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Age and pursuit?

 

Canadian Rockies at Sunrise
Canadian Rockies at Sunrise

I am at that awkward stage of aging where I sometimes forget about it, usually while in pursuit of an elusive photo with a rapid expiration date.

It wasn’t until I was forty-three when I took on the task of fatherhood. Another task I added concurrently was to not appear to be the old guy to my young son Scott. I went too much pain to appear to be fifteen years younger, activity wise, than the weary carcass beneath the weary smile. Oh granted, pretending to be younger made me healthier. Oh, except for the breaking and training of the horses, which made me less healthy, incongruently while making me appear more virile.

While teaching my younger boy Cody how to run barrels on horseback, my young, and green horse as horses do, freaked out and threw me. When you get thrown from a horse, for the sake of training of the horse, you must get back on or they learn a bad lesson. The horse wasn’t the only student in the arena; Cody must learn that as well. So after catching my breath a search of my soul for a bit of nerve, I climbed back on and fifteen minutes latter the lesson was over. A healthy rotator cuff had also met its end.

One day after hiking with a 3,000-elevation gain with my son Scott, a couple of hundred yards from the car Scott asked; “What are we going to do next dad?” With self-loathing, I replied; I’m going to go lay on the couch. I could have really impressed him had I climbed the other mountain.

One autumn while crossing Owl Creek Pass in the San Juan Mountains of southwest Colorado, after a fresh skiff of autumn snow, I saw a porcupine cross the road. Porcupines are a tough photo find, I hastily parked, grabbed my gear, and flew down the hill with all the enthusiasm of a twenty-year old after a hot girl on a Friday night.

With all the aplomb of someone whose muscle memory remembered their agility of yore, I deftly caught up to the porcupine then commenced to coerce a smile from the camera shy little beast.

When my portrait work was finished, was the moment the old man in me showed back up. I gazed up the hill I had exuberantly flown down and had an age appropriate groan. I then started moaning and groaning, slipping, and sliding, and falling. I sure could have used that muscle memory and agility of yore that deserted me following my pre-photo adrenalin, as I ascended the muddy, snowy hill. I didn’t know it at the time, but during one of the slips I damaged my shoulder, most likely the left rotator cuff. Now it matches my right rotator cuff I damaged getting bucked off the young horse a decade ago. Now my back goes unscratched. Sometimes I go about balance all the wrong ways.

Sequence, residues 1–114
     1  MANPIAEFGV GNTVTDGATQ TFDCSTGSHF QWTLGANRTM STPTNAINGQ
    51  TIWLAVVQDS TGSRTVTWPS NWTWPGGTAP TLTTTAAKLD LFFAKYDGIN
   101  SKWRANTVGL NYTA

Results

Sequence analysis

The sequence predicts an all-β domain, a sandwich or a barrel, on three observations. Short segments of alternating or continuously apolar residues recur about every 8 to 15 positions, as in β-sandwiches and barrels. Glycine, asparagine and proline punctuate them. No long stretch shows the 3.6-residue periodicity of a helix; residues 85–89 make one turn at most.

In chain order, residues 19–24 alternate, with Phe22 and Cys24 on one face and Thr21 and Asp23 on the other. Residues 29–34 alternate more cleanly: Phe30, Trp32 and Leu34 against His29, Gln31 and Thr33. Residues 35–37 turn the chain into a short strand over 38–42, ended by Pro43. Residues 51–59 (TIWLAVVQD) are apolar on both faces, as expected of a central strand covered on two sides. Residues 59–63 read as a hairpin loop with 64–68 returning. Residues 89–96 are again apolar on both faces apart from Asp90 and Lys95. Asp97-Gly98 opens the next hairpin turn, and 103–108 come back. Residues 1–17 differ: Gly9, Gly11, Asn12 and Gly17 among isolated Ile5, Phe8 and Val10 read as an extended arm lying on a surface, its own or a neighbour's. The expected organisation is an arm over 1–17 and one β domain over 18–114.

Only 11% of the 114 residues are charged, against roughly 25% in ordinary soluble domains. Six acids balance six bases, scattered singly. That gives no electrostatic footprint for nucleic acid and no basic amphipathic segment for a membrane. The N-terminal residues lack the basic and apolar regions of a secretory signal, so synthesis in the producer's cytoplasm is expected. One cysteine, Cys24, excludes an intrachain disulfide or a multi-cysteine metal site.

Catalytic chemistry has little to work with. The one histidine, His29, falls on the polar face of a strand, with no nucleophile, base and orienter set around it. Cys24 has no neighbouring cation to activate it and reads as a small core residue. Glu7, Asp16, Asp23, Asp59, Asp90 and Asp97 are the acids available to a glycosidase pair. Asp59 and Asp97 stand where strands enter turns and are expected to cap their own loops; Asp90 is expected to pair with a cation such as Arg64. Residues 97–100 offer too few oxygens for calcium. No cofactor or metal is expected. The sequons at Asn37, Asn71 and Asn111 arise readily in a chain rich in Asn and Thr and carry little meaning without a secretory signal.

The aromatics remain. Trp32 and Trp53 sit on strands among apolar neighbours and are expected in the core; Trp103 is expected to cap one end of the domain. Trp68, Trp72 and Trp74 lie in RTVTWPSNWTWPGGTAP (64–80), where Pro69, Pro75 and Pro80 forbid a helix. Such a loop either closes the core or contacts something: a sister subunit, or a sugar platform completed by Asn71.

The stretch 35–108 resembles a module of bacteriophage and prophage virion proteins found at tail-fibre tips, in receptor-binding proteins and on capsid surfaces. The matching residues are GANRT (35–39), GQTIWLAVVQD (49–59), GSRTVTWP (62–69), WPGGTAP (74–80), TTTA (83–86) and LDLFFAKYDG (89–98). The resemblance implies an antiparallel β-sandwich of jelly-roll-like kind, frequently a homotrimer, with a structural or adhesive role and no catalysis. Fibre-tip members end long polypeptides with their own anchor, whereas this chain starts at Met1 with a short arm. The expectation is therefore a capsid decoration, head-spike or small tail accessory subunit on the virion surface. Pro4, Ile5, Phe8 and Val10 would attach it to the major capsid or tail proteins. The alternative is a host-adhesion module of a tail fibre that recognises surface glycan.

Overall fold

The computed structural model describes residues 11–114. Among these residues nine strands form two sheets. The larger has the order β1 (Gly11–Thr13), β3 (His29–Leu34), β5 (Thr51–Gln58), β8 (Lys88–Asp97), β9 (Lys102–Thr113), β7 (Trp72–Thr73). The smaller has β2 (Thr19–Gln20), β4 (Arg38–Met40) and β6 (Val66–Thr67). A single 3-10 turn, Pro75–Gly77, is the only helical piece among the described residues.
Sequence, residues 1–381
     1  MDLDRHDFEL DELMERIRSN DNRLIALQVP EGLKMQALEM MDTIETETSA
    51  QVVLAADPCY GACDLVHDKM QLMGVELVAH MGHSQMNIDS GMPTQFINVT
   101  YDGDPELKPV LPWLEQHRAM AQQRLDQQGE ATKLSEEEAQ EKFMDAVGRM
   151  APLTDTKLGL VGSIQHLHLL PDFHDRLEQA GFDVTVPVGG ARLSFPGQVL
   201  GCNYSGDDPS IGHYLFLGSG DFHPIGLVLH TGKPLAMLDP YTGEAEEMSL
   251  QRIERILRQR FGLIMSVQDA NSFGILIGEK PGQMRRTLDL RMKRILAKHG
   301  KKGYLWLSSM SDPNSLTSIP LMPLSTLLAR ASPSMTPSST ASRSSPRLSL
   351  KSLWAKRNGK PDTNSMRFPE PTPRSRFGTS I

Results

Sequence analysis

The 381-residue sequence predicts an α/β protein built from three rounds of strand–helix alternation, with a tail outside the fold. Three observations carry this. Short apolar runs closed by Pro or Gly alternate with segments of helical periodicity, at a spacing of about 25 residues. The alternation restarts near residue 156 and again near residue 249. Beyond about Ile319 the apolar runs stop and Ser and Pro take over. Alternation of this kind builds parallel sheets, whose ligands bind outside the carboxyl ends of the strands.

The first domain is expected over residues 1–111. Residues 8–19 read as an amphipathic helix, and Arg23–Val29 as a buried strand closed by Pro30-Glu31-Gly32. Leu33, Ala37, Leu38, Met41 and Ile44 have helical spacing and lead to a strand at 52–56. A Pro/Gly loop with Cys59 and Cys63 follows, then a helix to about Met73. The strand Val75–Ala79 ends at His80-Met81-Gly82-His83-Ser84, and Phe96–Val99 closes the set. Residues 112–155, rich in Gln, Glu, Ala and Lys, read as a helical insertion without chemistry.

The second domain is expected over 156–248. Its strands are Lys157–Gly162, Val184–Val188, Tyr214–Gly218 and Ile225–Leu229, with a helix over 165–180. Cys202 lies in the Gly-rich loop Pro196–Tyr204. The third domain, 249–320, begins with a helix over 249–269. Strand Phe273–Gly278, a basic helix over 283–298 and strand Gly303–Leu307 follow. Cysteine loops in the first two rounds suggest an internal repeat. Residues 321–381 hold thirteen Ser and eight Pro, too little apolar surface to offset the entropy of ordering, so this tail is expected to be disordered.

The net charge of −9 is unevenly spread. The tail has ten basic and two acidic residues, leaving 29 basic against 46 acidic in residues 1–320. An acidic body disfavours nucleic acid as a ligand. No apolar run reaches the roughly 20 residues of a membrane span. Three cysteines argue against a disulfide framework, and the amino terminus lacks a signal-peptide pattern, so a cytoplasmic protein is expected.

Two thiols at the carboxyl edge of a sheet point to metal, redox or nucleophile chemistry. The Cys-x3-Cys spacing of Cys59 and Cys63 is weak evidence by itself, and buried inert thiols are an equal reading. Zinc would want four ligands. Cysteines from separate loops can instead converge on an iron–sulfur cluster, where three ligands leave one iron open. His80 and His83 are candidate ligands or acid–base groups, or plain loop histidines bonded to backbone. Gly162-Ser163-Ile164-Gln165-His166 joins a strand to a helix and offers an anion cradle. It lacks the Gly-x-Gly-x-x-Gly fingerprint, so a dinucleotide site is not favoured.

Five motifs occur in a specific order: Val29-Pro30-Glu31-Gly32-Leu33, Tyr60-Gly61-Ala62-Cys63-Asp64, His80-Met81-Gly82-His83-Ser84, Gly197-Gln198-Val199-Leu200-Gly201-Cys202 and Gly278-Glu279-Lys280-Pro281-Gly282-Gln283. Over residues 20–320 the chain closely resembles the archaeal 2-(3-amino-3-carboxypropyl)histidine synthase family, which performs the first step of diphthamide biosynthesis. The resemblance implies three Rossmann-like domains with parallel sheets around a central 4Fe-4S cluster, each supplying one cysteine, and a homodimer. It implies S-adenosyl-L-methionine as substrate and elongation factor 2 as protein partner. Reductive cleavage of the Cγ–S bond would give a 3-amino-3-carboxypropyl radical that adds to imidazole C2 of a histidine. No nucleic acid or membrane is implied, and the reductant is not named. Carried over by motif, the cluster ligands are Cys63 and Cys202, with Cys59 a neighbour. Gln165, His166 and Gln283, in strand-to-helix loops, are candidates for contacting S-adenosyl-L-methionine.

While leading a Grand Teton wildlife safari one day I saw a cowboy riding through a heard of bison with the Grand Tetons towering above. A great photo could be had if I could muster up some speed. I briefly told my guests how lucky they were to see such a rare sight. After due diligence, guest wise, I then grabbed my camera and ran to a good vantage point and started shooting, the rider was moving quickly requiring me to do the same. Major huffing and puffing rapidly followed as I ran north trying to keep the cowboy and bison squared up the Grand Tetons beyond. You shouldn't have a subject exiting a photo, they must be moving into it, requiring me to keep the rider in the left side of the frame while keeping the tallest of peaks in the center. One of my guests got a kick out of my weak effort and huffing and puffing, which could be heard from dozens of yards away, he jokingly hollered; “Want me to bring you an iron lung?” I got the shot! I latter I recovered my wind without the help of an iron lung.

On an early summer morning in Canada’s Jasper National Park, my friend Jim Osterhout and I were pursuing reflections of Mt Edith Cavell upon the glassy waters of Lake Cavell. We quickly grabbed the easy shots, and then we took off through a swampy overgrown trail with all the determination and gusto of an idiot on a survival show with the cameras running, for the trophy photo over yonder and around the bend. The reflections of a windless morning don’t last for long, so we were in quit a hurry as we had no time left in Jasper for another try. August is berry season in the Canadian Rockies, berry bushes are what had overtaken the trail, grizzly bears love berries. Since grizzly bears love berries, while Jim and I were hustling though the berry bushes, we were making the, due diligence, Hey bear, hey bear yell as we made our way rapidly to our hoped for reflection.

After capturing a superb reflection we excruciatingly made our way through the thick brambles that were oblivious to us while trying to beat the wind to fleeting reflection. As we called “hey bear, hay bear” we sounded more like an easy meal than fearless hikers storming through the forest. Jim and I had a good laugh about this upon reaching the car while also observing that the next time we might consider not wearing shorts before a charge through the brush as our legs looked as though we had been self-flagellating with rose bushes. Upon arrival for our evening photographer’s boat tour to Spirit Island, one of the other guests jokingly commented; “It looks like you have photographers legs.” Until that moment, I was unaware that scratched and bleeding shins and calves had a name.

Today I moan and grown however, the next time I’m racing ahead of the wind to capture the reflection upon a mountain lake, I’m sure the exuberance of pursuit will once again overcome my age. Wisdom is elusive to some of us.

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Attention

I'm transfering the blog from another host server which requires cutting and pasting of 150 articles and new photo layout for all. This takes time. pardon the lack of photos and poor layout until completion.

Daryl L. Hunter

4/6/19